I am not surprised that Karen was nominated by one of her students. Just as I had experienced, her nominator made a point of stressing Karen's encouraging spirit. She was deemed as "inspiring, praiseworthy and enjoyable," and I couldn't agree more. In the almost 20 years I have known Karen - in many different venues - she has remained kind, caring, helpful, understanding, creative and incredibly competent.


Dae Kim - Blindness and Low Vision Studies

Presented by Jim Leja

This year, I was pleased to nominate Dr. Dae Kim for the CHHS Research Excellence award. Over the past three years, Dr. Kim has demonstrated exceptional research and publication activity that has had an impact in the field of blindness and low vision.

He authored or coauthored 11 refereed publications in journals such as the Journal of Visual Impairment and Blindness, the Journal of Transportation Engineering-American Society of Civil Engineers, and the Institute of Transportation Engineers Journal. In addition, he has more than 11 refereed national and international presentations. And finally, Dr. Kim has been PI or co-PI on federal grants totaling more than $1.1 million.

And though it’s not in the criteria for the award, it’s something that I believe is very important, he is able to engage students in his various research activities and brings his expertise into the research class he teaches. Dr. Kim instills his passion into the students he mentors.

I am very happy that he is receiving this honor and recognition of his exceptional efforts and dedication to the university, college, department, and the field. Congratulations, Dr. Dae Kim.


Yvonne Unrau - Social Work

Presented by Dean Washington

The award for Scholarship Excellence goes to Dr. Yvonne Unrau, professor in the School of Social Work. Dr. Unrau’s scholarship is extensive, and has made a significant impact on the profession, our college and in the communities in which she has worked. She has co-authored 17 books, 45 book chapters, 35 refereed articles and much more. Her concentration on research methods, evidence-based practice and new approaches to interventions have all undoubtedly contributed to the School of Social Work’s continued ranking as a top national program.

Aside from being a professor and mentor for undergraduate and graduate students, much of Dr. Unrau’s work at CHHS has focused on leading the university’s Center for Fostering Success. This was born out of her research on youth and adults aging out of the foster care system and the recognized need that foster youth were not represented on WMU’s campus.

In 2007, Dr. Unrau conducted a needs assessment and learned that only 12 students with foster care histories were enrolled at WMU. She worked with other leaders on campus to establish the Foster Youth and Higher Education Initiative. From this effort, the Seita Scholars program was launched in 2008. She was the program’s founding director and, in collaboration with her team of staff and students, designed the campus coach support model during her directorship.  Today the program serves 150 students from foster care annually at WMU. The program has a scholarship budget of $1.6 million per year and a secure operational budget of nearly $500,000 per year. And, this is only one program under the Center for Fostering Success.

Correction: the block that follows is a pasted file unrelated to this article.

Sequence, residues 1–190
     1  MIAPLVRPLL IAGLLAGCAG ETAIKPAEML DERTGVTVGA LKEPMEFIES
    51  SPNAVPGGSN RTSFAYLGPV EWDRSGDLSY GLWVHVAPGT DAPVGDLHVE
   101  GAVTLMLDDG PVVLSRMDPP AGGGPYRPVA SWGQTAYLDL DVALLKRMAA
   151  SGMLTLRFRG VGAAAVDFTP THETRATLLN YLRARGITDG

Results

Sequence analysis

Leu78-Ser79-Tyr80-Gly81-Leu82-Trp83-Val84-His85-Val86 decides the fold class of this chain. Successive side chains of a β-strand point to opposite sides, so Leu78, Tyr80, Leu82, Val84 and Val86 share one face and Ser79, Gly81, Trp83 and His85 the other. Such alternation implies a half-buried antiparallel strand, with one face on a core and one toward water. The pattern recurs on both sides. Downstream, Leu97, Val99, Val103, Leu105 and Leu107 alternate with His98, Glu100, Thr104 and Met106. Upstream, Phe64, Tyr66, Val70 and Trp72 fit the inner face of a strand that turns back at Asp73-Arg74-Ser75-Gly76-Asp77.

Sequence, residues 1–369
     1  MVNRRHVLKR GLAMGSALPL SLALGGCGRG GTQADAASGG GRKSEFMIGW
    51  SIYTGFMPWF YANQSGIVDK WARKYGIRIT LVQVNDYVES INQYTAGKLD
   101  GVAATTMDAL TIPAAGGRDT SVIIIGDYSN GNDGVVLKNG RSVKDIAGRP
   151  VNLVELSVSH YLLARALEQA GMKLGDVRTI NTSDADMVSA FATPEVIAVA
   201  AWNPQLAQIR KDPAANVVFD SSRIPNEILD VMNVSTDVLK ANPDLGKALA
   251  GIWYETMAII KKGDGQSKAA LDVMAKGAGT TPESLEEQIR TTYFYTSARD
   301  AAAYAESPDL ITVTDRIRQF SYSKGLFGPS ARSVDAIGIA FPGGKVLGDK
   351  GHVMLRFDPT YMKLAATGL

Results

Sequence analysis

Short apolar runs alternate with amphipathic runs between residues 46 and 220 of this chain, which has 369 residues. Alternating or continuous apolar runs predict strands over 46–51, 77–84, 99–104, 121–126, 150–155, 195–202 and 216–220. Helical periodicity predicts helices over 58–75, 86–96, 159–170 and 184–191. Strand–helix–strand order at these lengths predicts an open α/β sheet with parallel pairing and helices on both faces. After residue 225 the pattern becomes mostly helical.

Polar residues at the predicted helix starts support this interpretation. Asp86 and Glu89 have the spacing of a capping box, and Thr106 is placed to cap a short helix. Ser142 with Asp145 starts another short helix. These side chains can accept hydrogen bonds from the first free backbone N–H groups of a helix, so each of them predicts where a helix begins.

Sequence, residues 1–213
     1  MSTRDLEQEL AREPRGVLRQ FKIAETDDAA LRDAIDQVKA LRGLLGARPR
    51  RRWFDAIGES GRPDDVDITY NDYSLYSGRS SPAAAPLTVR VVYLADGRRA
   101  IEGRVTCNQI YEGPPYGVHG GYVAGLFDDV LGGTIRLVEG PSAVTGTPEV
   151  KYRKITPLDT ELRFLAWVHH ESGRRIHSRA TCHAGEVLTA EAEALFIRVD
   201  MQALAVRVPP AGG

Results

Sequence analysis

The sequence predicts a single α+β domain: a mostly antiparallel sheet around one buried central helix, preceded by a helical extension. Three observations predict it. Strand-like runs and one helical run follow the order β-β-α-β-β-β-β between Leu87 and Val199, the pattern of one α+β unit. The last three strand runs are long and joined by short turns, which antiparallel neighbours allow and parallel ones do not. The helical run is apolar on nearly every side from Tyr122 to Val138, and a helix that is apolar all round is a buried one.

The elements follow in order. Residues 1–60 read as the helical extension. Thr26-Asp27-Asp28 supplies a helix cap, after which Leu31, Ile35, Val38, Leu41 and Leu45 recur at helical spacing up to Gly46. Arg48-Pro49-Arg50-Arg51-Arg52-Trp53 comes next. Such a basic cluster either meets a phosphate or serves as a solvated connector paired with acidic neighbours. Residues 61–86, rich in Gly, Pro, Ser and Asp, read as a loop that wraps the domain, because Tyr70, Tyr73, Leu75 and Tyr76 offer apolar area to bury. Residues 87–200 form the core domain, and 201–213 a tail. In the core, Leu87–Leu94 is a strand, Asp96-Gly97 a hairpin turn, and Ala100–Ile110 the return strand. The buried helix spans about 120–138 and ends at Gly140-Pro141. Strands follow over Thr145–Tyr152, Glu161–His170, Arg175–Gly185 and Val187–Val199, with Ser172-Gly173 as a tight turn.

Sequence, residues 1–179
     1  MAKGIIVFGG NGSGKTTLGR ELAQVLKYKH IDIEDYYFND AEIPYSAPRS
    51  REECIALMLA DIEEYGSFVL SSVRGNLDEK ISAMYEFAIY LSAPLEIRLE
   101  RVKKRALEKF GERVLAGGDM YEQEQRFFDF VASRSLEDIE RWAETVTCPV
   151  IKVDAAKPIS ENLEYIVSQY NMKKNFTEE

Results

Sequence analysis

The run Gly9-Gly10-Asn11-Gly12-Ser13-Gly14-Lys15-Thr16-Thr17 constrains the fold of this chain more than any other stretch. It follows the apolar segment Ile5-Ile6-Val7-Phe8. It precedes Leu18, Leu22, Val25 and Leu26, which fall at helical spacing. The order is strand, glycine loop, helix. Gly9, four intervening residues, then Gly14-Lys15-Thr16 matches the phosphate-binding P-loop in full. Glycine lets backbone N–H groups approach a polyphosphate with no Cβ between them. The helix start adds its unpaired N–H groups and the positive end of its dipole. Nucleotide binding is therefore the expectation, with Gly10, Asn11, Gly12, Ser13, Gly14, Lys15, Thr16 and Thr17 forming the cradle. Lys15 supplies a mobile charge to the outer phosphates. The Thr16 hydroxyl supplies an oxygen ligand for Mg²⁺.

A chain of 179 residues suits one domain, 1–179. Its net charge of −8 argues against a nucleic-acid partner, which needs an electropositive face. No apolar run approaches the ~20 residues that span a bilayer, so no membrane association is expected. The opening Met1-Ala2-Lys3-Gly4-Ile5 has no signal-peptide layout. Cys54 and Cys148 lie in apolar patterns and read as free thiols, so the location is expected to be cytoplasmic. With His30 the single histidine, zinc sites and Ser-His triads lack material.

In 2012, the Foster Youth in Higher Education Initiative was renamed the Center for Fostering Success and, in the same year, the center was approved by WMU’s Board of Trustees. Its mission is to increase college graduation and career achievement rates among youth and adults aging out of the foster care system.

Also in 2012, Fostering Success Michigan was established as the center’s second program. Fostering Success Michigan is a statewide outreach initiative that seeks to build capacity for other institutions of higher education to offer support to students from foster care on their campus. In 2013, the Fostering Success Coach Training program was officially launched. This program provides advanced training to professionals across the country who support students from foster care in higher education.

Dr. Unrau feels a great deal of gratitude to lead the center and its programs of excellence. She especially feels honored to use her talent, energy and skill to build supports that directly benefit youth in foster care, and recognizes the exceptional talent of her team of staff in all achievements to date.

Under Dr. Unrau’s leadership, the activities of the Center for Fostering Success align closely with WMU’s mission to be learner-centered and discovery driven. Through this work, as well as her scholarship, Dr. Unrau has advanced policy, created new impactful initiatives in the community and forged strong new state and local partnerships.

One of Dr. Unrau’s strongest contributions to our college and University has been her record of grants and awards to help those in the most need in schools and communities. Since 2008, she has been awarded nine grants totaling more than $2.5 million. Her work has notably been recognized and funded by several organizations including The W.K. Kellogg Foundation, The Kresge Foundation, the Kalamazoo Community Foundation and the Department of Health and Human Services, among many others.

Some of her most recent scholarly contributions have concentrated on social work with a view toward mindfulness and mind-body interventions in response to individuals living with trauma. She continues to offer many workshops to educate communities about a variety of topics, including foster care, child welfare, traumatic stress, mindfulness and body-based interventions. She has also offered ways for both students and staff at CHHS and WMU to release stress through guided yoga and meditation sessions and classes. She has contributed vastly to the development of young scholars and made a tremendous impact on CHHS and WMU.